This symptom of smoking is painless but can lead to discoloration and scar tissue on the top of your mouth.

Thanks to decades of research, we know that smoking and tobacco use can seriously affect our health.

While harm to your lung function may be the first risk that comes to mind, the reality is that nicotine and other chemicals released from smoking and tobacco use can affect virtually every major system in your body. Consistent tobacco use can also accelerate aging, leading to premature wrinkles, a loss of skin elasticity, and yellowing of your skin and teeth.

Nicotine stomatitis, also known as smoker’s palate or smoker’s mouth, is another possible side effect of regular smoking.

Nicotine stomatitis is a known side effect of chronic smoking that was first documented in 1926. Originally linked with cigars and pipe tobacco, the condition is now also linked with e-cigarettes, or vaping. Even though it’s in the name of the condition, nicotine isn’t to blame.

Instead, the intense heat of the smoke or vapor from cigarettes, cigars, and pipes causes lesions to form on the roof, or palate, of your mouth. Nicotine stomatitis is often considered a form of heat- or chemical-related keratosis, which is a thickening of the skin.

While nicotine stomatitis won’t directly cause cancer, chronic tobacco use, in general, can increase your chance of developing cancer.

Smoker’s palate is not a common side effect of smoking — but there is always a possibility that it will develop if you smoke heavily.

Nicotine stomatitis is usually a painless condition that doesn’t cause irritation. Because of this, many people don’t know they have it until it’s discovered in a dental checkup or routine physical exam at the doctor’s office.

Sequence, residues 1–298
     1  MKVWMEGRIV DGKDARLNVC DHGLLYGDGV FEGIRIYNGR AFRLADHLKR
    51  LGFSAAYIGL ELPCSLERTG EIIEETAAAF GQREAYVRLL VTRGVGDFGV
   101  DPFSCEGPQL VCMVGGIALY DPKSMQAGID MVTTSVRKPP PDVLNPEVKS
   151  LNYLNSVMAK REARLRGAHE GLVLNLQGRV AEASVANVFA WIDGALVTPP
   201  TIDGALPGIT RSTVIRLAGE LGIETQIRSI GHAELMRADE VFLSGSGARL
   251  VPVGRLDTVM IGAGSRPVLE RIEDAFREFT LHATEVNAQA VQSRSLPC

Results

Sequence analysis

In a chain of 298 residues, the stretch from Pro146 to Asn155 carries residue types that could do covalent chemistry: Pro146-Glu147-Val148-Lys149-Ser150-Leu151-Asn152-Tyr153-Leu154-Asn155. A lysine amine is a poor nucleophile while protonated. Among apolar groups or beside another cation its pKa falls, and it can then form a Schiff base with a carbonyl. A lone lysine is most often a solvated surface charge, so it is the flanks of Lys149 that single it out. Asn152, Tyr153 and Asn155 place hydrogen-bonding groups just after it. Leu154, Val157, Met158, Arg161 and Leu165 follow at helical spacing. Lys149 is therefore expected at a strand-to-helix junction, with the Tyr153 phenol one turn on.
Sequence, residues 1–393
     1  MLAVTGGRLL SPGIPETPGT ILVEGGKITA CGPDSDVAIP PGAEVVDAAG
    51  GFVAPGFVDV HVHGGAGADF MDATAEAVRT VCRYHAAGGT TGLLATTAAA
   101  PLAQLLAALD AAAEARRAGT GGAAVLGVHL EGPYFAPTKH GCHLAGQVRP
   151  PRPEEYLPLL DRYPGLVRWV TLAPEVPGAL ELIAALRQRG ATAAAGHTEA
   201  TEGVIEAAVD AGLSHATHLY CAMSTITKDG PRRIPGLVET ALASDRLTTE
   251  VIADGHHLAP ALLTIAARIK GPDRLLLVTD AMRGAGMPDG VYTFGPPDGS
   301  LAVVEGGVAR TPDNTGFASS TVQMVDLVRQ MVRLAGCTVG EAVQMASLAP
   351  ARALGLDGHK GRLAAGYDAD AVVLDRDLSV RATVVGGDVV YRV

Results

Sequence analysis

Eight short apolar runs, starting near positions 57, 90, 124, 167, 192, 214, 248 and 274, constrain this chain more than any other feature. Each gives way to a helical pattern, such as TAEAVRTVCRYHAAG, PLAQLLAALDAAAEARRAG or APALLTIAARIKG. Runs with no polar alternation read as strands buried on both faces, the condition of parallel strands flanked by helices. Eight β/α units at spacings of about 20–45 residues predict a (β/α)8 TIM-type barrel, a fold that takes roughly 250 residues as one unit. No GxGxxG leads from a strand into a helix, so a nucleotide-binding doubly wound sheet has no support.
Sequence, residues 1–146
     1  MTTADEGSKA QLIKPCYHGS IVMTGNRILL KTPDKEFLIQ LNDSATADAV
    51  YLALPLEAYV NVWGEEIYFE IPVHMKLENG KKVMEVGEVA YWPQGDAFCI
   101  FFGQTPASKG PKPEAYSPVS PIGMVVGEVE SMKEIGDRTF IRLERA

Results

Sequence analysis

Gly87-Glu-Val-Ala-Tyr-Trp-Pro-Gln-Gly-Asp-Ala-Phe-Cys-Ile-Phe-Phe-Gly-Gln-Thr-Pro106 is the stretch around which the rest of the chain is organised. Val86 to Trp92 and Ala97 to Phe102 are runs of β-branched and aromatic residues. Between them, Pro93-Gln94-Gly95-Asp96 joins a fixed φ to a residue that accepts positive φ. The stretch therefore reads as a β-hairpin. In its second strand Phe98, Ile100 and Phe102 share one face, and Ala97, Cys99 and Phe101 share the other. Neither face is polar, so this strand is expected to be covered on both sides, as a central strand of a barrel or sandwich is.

In most cases, any symptoms related to smoker’s palate are limited to physical changes. But if you wear dentures, the heat won’t affect covered areas of your mouth.

What does nicotine stomatitis look like?

The primary symptom of nicotine stomatitis only involves visual changes. Repeated exposure to heated smoke or vapors from smoking will change the physical appearance of the palate so that it looks white or gray. These differences are only present in areas of your mouth with direct exposure to heat from tobacco products.

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Nicotine stomatitis may appear as a reddened area with white fissures or dots.
© Journal of Oral and Maxillofacial Pathology CC BY-NC-SA 3.0

Dental staining may be another symptom of nicotine stomatitis. But this also has close links with smoking in general, which can lead to dental problems if left unaddressed.

Is nicotine stomatitis dangerous?

True nicotine stomatitis is not usually dangerous and will not become oral cancer.

While it will change the look of your mouth’s palate, the skin should return to its natural pink color once you stop smoking. If the lesions don’t go away after stopping smoking, this is a sign that it’s not nicotine stomatitis and instead is something that might progress into malignant cancer.

Likewise, nicotine stomatitis usually isn’t painful. So if you feel discomfort, this might also be a sign that you’re experiencing something more serious. If your lesions remain after stopping smoking, don’t stay silent — talk with a doctor. They may recommend a biopsy to further diagnose your condition.

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Typically, stopping smoking is the only treatment for nicotine stomatitis. Often, the lesions begin to heal once you stop smoking or using tobacco products.

This is even true for people who regularly use tobacco and may have had nicotine stomatitis for decades. Usually, sores will begin to heal within a few weeks of quitting smoking.

Trying to quit smoking alone can be difficult. Getting help is known to raise your chances of quitting for good. When you’re ready, check out these organizations for more information:

Nicotine stomatitis is one of many ways tobacco use can affect your body. The heat from smoking or vaping can cause the roof of your mouth to turn white or gray with lesions and scar tissue.

Although smoker’s palate is generally benign, the visual symptoms can resolve within weeks of quitting smoking.